Dominic Cummings has launched an unprecedented and extraordinary attack on Boris Johnson, alleging that the prime minister tried to quash a leak inquiry as it implicated an ally, and hatched a “possibly illegal” plan for donors to pay to renovate his flat.
The outburst by Cummings, a day after anonymous No 10 sources claimed that he had leaked private text messages between Johnson and the billionaire James Dyson, prompted Labour to accuse the government of “fighting each other like rats in a sack”.
Cummings used a lengthy post on his personal blog to deny any leaking. Instead, he accused Johnson and his team of a series of wrongdoings. He said the prime minister had behaved in a way he considered “mad and totally unethical”, and warned that he would happily give evidence under oath to an inquiry.
“It is sad to see the PM and his office fall so far below the standards of competence and integrity the country deserves,” he wrote.
Such a damning intervention by the man who was Johnson’s key ally and ideological inspiration will deeply alarm the prime minister and his aides. Cummings is due to give evidence to MPs next month.
Cummings, who left Downing Street in November, dismissed the accusation, in an anonymous briefing to several newspapers on Thursday, that he had leaked the texts between Dyson and Johnson.
In the exchanges last March, the prime minister appeared to promise the businessman that he would “fix” an issue on the tax status of Dyson staff working in the UK during the pandemic.
Cummings said he had checked his phone and had not been forwarded the messages in question. He claimed he had been told by Downing Street officials that Dyson’s office had emailed screenshots of his exchanges with Johnson to a series of officials, including some at the Treasury, and that this was what had been leaked. He said he had not been copied into this.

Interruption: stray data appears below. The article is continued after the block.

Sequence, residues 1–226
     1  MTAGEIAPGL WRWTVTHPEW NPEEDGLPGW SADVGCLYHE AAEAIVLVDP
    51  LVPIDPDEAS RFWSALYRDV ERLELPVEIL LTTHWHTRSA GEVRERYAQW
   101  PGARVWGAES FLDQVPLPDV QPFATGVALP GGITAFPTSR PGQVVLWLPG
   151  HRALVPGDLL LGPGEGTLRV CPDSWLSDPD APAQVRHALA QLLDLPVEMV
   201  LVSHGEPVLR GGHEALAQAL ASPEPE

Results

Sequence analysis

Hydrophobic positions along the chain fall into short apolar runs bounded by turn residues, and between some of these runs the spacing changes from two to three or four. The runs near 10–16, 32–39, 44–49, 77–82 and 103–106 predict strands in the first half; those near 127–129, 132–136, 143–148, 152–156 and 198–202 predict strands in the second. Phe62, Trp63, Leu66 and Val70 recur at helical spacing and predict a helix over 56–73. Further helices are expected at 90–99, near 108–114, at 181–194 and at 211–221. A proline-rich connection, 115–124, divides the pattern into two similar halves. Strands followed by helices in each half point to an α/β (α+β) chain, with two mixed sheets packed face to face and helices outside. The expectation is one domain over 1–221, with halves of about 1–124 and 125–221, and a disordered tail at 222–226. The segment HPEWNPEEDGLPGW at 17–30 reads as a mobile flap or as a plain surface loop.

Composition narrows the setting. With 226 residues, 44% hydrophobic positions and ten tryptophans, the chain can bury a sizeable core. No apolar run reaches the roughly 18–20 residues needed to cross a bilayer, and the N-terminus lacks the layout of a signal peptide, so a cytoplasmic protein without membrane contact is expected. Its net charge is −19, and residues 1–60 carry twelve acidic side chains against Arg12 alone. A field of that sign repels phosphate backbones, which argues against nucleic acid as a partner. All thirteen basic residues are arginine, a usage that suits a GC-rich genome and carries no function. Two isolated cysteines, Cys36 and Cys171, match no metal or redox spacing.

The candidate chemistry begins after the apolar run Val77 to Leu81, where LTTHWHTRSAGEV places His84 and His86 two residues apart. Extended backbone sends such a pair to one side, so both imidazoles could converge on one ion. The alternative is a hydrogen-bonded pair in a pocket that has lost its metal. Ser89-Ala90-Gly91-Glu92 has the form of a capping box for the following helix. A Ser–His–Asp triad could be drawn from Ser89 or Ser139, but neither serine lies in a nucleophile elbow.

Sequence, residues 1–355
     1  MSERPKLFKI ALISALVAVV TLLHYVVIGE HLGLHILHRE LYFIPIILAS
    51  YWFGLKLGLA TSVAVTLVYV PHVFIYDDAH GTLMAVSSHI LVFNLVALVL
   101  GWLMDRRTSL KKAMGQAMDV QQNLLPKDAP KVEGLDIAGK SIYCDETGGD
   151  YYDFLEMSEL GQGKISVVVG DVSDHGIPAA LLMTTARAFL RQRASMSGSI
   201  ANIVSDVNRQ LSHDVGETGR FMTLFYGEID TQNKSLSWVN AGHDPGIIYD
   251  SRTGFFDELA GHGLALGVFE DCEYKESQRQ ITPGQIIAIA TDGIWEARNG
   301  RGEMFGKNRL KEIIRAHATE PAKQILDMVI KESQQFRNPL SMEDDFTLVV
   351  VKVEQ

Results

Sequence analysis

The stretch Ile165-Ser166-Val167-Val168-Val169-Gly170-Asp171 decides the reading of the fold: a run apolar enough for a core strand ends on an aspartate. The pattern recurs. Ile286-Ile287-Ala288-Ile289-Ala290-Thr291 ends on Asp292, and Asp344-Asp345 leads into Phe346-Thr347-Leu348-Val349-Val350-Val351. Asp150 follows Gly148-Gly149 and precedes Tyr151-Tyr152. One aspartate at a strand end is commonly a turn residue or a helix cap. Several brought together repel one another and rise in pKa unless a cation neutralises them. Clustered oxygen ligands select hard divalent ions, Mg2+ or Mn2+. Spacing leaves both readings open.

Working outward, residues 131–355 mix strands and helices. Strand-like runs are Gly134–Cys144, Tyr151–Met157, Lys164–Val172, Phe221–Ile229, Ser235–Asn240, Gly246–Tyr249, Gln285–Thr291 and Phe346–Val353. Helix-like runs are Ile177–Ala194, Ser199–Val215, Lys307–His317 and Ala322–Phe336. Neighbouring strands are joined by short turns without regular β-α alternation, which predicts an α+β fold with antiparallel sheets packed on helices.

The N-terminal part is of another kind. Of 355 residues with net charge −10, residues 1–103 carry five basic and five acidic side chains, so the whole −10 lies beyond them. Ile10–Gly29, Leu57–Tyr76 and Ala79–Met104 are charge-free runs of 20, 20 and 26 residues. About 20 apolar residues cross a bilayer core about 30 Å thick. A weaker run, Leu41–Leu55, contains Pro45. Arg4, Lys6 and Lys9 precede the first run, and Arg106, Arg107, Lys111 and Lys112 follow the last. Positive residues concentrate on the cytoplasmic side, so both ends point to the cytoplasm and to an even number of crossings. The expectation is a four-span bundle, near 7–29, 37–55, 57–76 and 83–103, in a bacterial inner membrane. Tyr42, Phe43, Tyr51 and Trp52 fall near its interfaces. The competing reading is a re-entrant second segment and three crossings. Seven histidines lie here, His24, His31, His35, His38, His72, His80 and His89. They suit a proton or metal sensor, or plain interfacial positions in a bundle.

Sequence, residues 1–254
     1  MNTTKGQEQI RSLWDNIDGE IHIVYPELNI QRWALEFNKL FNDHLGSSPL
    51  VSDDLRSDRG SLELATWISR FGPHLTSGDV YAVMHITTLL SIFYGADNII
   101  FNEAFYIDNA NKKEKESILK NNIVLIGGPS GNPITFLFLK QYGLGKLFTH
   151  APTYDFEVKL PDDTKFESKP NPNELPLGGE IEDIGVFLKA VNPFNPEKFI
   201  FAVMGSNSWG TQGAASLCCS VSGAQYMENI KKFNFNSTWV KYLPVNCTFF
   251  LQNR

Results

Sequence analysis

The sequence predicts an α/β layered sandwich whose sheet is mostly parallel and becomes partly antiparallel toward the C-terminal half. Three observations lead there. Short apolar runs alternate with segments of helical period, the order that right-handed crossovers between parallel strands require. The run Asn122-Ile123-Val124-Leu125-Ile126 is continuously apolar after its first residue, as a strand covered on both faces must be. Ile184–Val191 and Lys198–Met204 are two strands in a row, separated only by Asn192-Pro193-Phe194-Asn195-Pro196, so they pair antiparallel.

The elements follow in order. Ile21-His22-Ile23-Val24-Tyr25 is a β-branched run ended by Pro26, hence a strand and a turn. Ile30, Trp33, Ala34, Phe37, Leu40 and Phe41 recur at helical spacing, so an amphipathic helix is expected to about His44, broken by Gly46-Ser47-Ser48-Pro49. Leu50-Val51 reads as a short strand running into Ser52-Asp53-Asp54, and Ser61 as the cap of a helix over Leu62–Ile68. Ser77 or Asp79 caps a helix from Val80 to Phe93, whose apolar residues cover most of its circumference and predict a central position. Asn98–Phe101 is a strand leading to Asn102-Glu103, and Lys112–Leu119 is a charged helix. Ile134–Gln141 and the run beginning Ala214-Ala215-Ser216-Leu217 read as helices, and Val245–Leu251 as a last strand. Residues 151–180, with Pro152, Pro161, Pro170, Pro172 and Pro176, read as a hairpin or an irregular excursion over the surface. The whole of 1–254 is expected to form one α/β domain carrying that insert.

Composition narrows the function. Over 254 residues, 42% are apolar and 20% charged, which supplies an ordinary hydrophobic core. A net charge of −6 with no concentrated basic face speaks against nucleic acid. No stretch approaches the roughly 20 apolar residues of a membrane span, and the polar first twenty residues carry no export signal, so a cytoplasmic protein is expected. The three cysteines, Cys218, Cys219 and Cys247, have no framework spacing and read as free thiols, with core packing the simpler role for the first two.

“I am happy to meet with the cabinet secretary and for him to search my phone for Dyson messages,” he wrote. “If the PM did send them to me, as he is claiming, then he will be able to show the cabinet secretary on his own phone when they were sent to me.
“I am also happy to publish or give to the cabinet secretary the PM/Dyson messages that I do have, which concerned ventilators, bureaucracy and Covid policy – not tax issues.”
Cummings also addressed reports suggesting he had been the serial leaker known as the “chatty rat”, who had also allegedly leaked news of another Covid lockdown last autumn.
In perhaps the most potentially devastating allegation in his blogpost, Cummings claimed that in a meeting after the leak, the cabinet secretary, Simon Case, told him and Johnson that “all the evidence” pointed to Henry Newman, then an adviser at the Cabinet Office, who has since moved to No 10. Newman is known to be close to Carrie Symonds, Johnson’s fiancee, seen as a key figure in Cummings’ removal from his job.
Cummings wrote: “The PM was very upset about this. He said to me afterwards: ‘If Newman is confirmed as the leaker, then I will have to fire him, and this will cause me very serious problems with Carrie as they’re best friends … [pause] Perhaps we could get the cabinet secretary to stop the leak inquiry?’